As a result of all the issues surrounding Black Friday, customers were left more disappointed than usual.
But will the customer accept Black Friday as an excuse for poor website performance in future?
The use of attitudinal analytics is rooted in the idea that customer experience drives customer satisfaction which in turn influences their future behaviours.
In other words; when a visitor logs onto your website, how they perceive (and ‘experience’) that site will influence how satisfied they are.
If the visitor manages to achieve everything they set-out to do, and encounters no problems along the way, then they are likely to be highly satisfied – and will be more likely to return to your site and carry out a purchase! Simple notion right?
In November 2014 there was a dramatic rise in the number of customers visiting websites with the intent to purchase.
So many, in fact, that November’s traffic rivalled December’s volume with so many punters looking for bargains ahead of Christmas. This was down to Black Friday.
But isn’t buying online, and buying early meant to be less stressful?
Typically a period that sees the most traffic by far, you would expect shoppers in December to record the lowest yearly satisfaction. However, purchase intenders’ satisfaction was at its lowest during November.
Perhaps that’s why they call it Black Friday?
Since the weekend of Black Friday came over from the United States, November has become an even more important month for businesses to consider.
With lots more customers flowing into their websites intent on bagging a quick bargain, it becomes ever-more important to sustain a high level of customer experience – otherwise you’re going to be upsetting a lot more people a lot more than usual.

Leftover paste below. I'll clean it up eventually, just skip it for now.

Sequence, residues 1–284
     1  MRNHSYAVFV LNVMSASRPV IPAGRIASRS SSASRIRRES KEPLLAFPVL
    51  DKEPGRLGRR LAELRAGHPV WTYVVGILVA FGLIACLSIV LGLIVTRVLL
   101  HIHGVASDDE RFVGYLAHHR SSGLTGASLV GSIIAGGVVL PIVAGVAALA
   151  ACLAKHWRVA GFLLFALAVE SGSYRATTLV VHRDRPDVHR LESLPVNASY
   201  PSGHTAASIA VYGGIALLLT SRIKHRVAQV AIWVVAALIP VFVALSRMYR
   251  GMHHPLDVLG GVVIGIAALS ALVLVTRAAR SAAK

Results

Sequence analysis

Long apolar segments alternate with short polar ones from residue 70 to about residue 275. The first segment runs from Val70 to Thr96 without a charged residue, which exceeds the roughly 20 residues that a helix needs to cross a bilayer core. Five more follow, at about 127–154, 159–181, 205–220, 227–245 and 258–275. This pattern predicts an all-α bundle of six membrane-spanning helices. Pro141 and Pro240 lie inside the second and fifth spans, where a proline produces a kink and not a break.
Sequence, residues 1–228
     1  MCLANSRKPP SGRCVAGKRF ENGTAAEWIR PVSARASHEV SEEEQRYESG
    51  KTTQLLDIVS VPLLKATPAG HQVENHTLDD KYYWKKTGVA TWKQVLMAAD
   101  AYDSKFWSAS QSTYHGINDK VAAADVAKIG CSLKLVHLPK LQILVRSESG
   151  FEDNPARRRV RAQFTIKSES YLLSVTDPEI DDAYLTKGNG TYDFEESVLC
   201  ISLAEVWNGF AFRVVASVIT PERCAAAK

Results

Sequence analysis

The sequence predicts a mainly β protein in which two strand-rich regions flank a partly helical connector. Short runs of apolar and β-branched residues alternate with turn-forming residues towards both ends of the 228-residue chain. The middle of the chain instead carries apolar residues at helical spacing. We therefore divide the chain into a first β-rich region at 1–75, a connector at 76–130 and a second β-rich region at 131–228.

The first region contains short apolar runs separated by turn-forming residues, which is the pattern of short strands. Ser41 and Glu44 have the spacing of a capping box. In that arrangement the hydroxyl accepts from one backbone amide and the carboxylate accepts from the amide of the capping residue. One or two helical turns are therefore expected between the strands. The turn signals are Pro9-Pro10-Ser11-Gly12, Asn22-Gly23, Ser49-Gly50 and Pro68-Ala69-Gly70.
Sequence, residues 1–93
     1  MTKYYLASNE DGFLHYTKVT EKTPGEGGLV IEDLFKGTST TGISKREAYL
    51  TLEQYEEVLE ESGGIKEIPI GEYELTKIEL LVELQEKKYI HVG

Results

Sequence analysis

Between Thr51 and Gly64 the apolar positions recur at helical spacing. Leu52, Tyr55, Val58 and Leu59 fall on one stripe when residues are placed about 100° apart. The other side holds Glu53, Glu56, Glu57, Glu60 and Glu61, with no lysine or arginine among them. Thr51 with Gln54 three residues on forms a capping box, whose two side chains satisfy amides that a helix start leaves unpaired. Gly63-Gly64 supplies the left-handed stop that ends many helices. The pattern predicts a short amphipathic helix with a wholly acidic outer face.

Famously Black Friday was the cause for much upset within IT departments (and board rooms!) across the country last year.
With a massive increase in traffic and purchase intenders, basket services and bargain pages were clogged up; they were simply unable to cope with the activity.
The weekend of frenzied deals caused November to be the biggest month for customer’s being unable to complete their purchases.
A whopping 12% experienced technical issues, from slow loading times to full page crashes.
In general, we used to put up with slow loading times but, as many reports have highlighted, the demand for smooth and reliable websites is ever increasing. All of a sudden then, these technical disasters could mean abandoned baskets, lost conversions and a damaged reputation.
A customer that is unable to achieve what they set-out to do, or suffers significant resistance along the way, is going to be less satisfied. As a result of all the issues surrounding Black Friday, customers were left more disappointed than usual. B
ut will the customer accept Black Friday as an excuse for poor website performance?
Evidently not. These two examples reflect a common trend across the retailers that participated in Black Friday.
Their customers not only had a less satisfying experience, but were less likely to return. What’s more – the more the satisfaction decreases, the more their likelihood to purchase next time decreases.